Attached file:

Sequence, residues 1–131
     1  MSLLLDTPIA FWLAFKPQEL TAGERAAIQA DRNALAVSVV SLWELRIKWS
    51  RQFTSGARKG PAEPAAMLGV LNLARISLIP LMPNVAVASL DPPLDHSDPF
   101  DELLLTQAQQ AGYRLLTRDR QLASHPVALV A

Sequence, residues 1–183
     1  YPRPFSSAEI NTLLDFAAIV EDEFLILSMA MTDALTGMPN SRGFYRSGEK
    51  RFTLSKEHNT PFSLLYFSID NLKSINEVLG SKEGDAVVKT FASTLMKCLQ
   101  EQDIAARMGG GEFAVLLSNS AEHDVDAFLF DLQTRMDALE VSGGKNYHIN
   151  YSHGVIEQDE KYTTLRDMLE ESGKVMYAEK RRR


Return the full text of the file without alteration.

Sequence, residues 1–131
     1  MSLLLDTPIA FWLAFKPQEL TAGERAAIQA DRNALAVSVV SLWELRIKWS
    51  RQFTSGARKG PAEPAAMLGV LNLARISLIP LMPNVAVASL DPPLDHSDPF
   101  DELLLTQAQQ AGYRLLTRDR QLASHPVALV A

Sequence, residues 1–183
     1  YPRPFSSAEI NTLLDFAAIV EDEFLILSMA MTDALTGMPN SRGFYRSGEK
    51  RFTLSKEHNT PFSLLYFSID NLKSINEVLG SKEGDAVVKT FASTLMKCLQ
   101  EQDIAARMGG GEFAVLLSNS AEHDVDAFLF DLQTRMDALE VSGGKNYHIN
   151  YSHGVIEQDE KYTTLRDMLE ESGKVMYAEK RRR